Ant Picnic in Pennsylvania

**This is a guest post written by NC State undergraduate, Ryan Pileski. Ryan collaborated with Lea Shell to adapt the Ant Picnic lesson plan, an investigation of ant diet, nutrition and diversity, for implementation at a summer camp serving students with social disorders. Their goal was to modify the lesson plan to allow success for students with attention issues and social concerns in a summer camp scenario.**

Students attending Summit Camp in Pennsylvania participated in Ant Picnic over a two week period this summer. The campers, ages 10-21, come from all over the United States and have a range of social disabilities. Camp is there to challenge them both socially by helping them try to make new friends and have a safe place to do so, and educationally (which is where I come in working as the Nature and Biology Specialist).

During Week 1, students set up the food trail experiment and recorded data according to the Ant Picnic protocol. We used six different types of food: plain water, sugar water, salt water, glutamine (water containing an amino acid supplement), soy nut butter (in placement of peanut butter due to allergies) and cooking oil. The students chose their experimental locations based on their hypotheses — they wanted to test how overall temperature, overcast or sunny skies, and distance from ants or people played a role in how well the ants obtained the food sources. And with that, which food source is the most coveted? Thus, the students collected a broad range of data over the course of the week.

During Week 2, we focused on data analysis. We looked at the ants we collected during our experiments under the microscope. We identified the ant species with the help of a dichotomous key, something that many of the students had never used before. We correlated these ant findings with what they ate, looking for trends in the data such as ant size versus food preference. For instance, one of our conclusions was that larger ants, such as the Black Carpenter Ant, preferred protein while smaller ants preferred sugar.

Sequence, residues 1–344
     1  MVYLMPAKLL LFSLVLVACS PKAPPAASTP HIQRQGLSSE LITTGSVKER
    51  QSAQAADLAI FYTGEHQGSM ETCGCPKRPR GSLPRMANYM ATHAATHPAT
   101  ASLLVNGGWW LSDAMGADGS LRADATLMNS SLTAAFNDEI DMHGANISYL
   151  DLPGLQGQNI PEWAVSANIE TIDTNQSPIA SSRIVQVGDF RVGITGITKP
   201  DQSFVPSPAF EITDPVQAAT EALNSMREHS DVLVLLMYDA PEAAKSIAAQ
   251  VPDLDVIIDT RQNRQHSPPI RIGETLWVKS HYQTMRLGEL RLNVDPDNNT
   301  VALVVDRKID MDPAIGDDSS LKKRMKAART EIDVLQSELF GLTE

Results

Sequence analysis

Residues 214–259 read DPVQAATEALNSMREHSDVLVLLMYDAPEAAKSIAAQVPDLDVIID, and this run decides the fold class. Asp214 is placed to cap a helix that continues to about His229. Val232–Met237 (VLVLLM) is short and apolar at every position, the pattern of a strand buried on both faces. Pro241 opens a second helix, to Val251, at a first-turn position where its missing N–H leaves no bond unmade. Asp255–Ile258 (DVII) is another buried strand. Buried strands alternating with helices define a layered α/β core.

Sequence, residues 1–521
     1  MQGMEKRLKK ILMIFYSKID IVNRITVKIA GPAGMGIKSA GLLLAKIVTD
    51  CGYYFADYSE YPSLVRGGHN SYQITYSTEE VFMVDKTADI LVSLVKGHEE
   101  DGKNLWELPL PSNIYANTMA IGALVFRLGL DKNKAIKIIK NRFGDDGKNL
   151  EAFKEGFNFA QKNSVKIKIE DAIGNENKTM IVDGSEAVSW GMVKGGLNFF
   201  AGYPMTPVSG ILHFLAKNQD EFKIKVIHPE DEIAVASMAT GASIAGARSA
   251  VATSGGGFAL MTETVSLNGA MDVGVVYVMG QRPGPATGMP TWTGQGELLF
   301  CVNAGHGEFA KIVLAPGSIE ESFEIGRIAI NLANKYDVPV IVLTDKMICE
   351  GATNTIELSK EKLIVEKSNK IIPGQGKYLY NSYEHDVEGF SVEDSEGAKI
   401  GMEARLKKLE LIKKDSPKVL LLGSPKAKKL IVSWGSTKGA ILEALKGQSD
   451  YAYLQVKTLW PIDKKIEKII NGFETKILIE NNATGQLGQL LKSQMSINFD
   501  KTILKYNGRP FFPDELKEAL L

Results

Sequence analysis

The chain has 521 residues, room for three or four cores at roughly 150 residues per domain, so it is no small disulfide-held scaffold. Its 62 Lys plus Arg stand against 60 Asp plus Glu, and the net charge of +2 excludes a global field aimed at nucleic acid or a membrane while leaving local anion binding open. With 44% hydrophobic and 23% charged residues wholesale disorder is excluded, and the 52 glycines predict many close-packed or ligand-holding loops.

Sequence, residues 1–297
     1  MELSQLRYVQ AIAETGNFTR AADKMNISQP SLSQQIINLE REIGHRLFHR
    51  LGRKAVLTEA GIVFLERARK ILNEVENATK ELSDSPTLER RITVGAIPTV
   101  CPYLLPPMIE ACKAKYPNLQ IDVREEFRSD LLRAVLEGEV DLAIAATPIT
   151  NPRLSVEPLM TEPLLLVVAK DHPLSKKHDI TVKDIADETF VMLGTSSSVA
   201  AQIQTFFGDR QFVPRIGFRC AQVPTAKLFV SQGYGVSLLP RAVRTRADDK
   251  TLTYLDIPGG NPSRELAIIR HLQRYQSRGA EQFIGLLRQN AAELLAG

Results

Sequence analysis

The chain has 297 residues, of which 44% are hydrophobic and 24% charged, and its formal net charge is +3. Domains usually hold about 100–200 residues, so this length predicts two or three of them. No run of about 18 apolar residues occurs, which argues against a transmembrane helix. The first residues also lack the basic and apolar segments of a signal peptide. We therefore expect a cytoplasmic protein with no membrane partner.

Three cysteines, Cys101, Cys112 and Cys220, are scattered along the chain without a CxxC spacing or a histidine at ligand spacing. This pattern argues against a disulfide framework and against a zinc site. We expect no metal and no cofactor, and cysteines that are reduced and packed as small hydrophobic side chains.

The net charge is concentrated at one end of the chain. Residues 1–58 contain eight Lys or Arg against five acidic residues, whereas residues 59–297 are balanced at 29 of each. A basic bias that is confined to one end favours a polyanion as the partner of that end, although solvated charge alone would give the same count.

The campers also viewed short video clips about different ants around the world and analyzed the social infrastructure within an ant colony and how it played a role in ant life. The students had the chance to apply this knowledge in a role playing game where they learned more about the structure of the colony and how crucial it was to the survival of the group.

What I think the campers got the most out of during this two week period was being able to explore the scientific world in a very unconventional way. When I first told them that we would be studying ants, I heard groans and grunts. They had already learned this before, they said. But overall I think they were very surprised to see that it wasn’t just general classroom work. They were in charge of most of the parameters of the experiment and they weren’t just staring at a teacher in front of them. You could see the change in excitement levels as the experiment progressed and I think quite a few of them learned a little more about how much is going on under their feet!

RyanPileskiRyan Pileski is an undergraduate at North Carolina State University studying biology and English. He has spent two years working at Summit Camp where he teaches basic biology to children ranging 10-21. In the future he hopes to practice medicine focusing in pediatric disabilities. Follow him on Twitter @RyanPileski

By | 2016-11-22T13:46:55+00:00 September 29th, 2014|

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One Comment

  1. Grandma's friend, Laura September 29, 2014 at 1:32 pm - Reply

    Loved your bug eyed pic. Article very well done. My daughter, professor of Behavior Analysis at Savannah State, will find it interesting. She reaches out to many of the same types in her research.

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